The cobbled streets of Magdeburg glistened in the early morning light; their stones and mortar were misted with a thin dew; and misted, as well, with a general contempt for the righteous heritage of Christ on Earth, the holy Father, and all his Catholic Orders. Here, where Martin Luthor studied the Black Arts; here, where Luthor returned, and persuaded, by heresy, a King to renounce the authority of the Vatican. Like a crack in glass spreading slowly through the pane, the allied kingdoms were fractured along religious grounds; brothers and sisters turned upon one another, blow for blow, upheaving all the great work of the Renaissance, the Humanists, any hope for peace in the Holy Roman Empire.
Now, these citizens are neither Holy, nor Roman, nor aligned to any Empire, Renè Descartes fumed, as he walked through the market district, eyes darting between cramped shops and standing booths; apothecaries, fruit carts, mercery, baubles.
Two years had elapsed since the Catholic League regained control from the blasphemer Frederick V (the so-called Winter King), and from the Rosicrucian architects of his ascent; still, witchery pervaded the cities, its illness propagating through the body of Germany as did as the Black Death in its own time.
“White sands, gray sands,” came a merchant’s call to Renè, pegging him at once as a man of letters.
Renè flashed a polite smile, and declined with a wave of his hand. He came to a halt, instead, before a small table of old, raggedy books, at which sat a young woman in humble attire; her wares were molded at their edges, water damaged, pages torn; still, Renè was intrigued by some of the unusual titles stamped on their covers.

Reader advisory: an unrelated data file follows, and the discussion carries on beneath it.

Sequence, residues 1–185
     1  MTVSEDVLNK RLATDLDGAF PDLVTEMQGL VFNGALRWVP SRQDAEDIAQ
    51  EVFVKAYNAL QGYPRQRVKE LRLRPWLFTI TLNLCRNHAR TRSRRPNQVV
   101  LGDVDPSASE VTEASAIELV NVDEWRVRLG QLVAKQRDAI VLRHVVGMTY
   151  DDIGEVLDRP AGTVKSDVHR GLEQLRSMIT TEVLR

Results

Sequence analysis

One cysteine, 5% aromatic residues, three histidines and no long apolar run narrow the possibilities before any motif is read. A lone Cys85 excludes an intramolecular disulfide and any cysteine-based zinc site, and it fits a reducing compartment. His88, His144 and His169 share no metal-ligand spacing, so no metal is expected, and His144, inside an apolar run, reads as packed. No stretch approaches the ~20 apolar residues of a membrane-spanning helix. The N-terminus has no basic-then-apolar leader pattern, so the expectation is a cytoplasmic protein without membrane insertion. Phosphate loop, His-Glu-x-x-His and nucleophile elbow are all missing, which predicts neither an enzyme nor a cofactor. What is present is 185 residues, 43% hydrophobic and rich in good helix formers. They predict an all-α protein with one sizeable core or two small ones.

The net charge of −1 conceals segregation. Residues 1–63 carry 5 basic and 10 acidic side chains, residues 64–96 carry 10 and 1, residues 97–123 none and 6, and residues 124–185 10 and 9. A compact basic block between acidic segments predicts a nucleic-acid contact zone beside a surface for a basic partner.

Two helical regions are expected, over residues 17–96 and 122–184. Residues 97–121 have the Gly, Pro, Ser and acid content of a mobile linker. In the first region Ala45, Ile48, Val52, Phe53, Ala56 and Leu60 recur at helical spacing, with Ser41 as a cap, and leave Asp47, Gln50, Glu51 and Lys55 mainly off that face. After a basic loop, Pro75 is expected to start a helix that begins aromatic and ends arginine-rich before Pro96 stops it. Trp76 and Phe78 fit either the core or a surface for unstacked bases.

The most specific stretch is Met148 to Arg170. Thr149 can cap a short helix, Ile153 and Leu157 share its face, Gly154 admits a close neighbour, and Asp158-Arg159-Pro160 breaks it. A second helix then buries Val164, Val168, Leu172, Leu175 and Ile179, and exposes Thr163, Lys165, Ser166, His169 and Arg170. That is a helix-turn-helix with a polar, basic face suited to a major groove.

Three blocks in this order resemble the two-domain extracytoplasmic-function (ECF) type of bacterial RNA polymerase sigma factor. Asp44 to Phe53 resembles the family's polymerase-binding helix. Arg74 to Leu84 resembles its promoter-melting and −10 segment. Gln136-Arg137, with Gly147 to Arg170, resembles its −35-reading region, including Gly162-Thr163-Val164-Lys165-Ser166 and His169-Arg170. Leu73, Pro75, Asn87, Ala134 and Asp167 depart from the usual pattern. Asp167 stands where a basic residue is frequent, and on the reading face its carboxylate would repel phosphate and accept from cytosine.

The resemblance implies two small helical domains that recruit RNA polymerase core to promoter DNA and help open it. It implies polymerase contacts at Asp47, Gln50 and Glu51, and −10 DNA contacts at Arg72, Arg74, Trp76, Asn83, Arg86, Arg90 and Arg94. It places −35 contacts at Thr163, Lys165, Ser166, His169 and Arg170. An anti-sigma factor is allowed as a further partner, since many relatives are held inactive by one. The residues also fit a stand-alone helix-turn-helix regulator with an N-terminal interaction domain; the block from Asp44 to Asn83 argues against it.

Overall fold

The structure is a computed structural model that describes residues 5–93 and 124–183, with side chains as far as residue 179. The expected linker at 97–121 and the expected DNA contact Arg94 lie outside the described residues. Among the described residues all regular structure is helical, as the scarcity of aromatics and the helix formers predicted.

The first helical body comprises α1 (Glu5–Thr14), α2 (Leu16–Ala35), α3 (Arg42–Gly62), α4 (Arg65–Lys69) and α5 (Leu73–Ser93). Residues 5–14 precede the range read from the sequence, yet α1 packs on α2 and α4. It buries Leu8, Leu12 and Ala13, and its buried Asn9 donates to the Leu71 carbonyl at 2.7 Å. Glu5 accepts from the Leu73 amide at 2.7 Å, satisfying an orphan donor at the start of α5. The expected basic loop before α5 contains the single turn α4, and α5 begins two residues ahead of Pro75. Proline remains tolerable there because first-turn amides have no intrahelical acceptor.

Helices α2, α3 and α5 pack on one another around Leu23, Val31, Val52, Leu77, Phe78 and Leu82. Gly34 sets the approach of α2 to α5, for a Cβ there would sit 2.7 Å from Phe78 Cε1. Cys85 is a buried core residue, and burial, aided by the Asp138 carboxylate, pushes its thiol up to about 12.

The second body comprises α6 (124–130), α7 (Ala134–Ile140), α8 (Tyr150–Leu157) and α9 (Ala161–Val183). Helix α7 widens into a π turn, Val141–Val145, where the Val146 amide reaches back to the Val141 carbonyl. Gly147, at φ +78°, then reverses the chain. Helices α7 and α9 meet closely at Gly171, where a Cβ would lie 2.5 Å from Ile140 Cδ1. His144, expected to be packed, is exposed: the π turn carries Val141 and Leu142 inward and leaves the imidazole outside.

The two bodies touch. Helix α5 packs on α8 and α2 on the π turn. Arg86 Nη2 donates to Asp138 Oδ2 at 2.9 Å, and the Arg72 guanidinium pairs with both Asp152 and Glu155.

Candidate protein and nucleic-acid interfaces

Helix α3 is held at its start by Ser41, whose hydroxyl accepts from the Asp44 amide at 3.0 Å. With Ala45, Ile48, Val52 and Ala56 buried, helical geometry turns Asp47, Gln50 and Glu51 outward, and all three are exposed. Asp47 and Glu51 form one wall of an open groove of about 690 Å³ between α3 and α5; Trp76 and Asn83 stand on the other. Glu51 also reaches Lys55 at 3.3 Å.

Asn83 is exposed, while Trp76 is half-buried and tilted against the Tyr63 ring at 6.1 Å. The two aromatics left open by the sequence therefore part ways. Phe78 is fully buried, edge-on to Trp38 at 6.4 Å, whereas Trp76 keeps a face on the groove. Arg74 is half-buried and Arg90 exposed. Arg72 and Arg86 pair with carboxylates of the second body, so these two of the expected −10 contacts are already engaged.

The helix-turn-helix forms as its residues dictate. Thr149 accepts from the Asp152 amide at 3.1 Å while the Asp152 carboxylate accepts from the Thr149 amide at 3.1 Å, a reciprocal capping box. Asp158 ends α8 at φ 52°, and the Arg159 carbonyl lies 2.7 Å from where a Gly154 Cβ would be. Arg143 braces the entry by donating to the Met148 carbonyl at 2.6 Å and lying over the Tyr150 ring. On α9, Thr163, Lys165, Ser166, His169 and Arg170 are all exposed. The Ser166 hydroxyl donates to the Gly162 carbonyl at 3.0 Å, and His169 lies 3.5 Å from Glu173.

Brothers of the Rose, My Blood for the Order, The Realms that Await.
“Are you a solider?” the bookseller asked of Renè, her eyes wide as she gazed up at his stature, all dressed in black and leathers. He smiled at her.
“Not anymore, but pleased for to be mistaken,” he said. “Fighting with guns and swords, that’s for another sort.” Renè tapped a finger on one of the books. “The page, that’s where real action is happening. If I’m a solider, then you’re the general. Tell me, can you read these books you’re selling?”
“Not yet,” the bookseller replied, a hint of embarrassment on her face. “But I know what’s in them. What are you looking for?”
“I suppose you could call me an enlightened seeker,” Renè replied, picking up one of the tomes. He opened the cover, and turned the first leaf to find an elaborate frontispiece (a lion consuming a two-headed eagle) parallel a bold lettered title plate in Latin. “I see the symbols and the signs; are these….” Renè lowered his voice, speaking in a hush, “are these books from the Rosicrucian Brotherhood?”
“Not those,” the bookseller. “They’re mostly vanity tracts, aristocrats and such trying to get the attention of the Rosy Brothers. The bookshops can’t sell them, so I rag and bone when they get tossed out.”
“Do you know anything about where they might meet, those Rosy Brothers, here in Magdeburg?”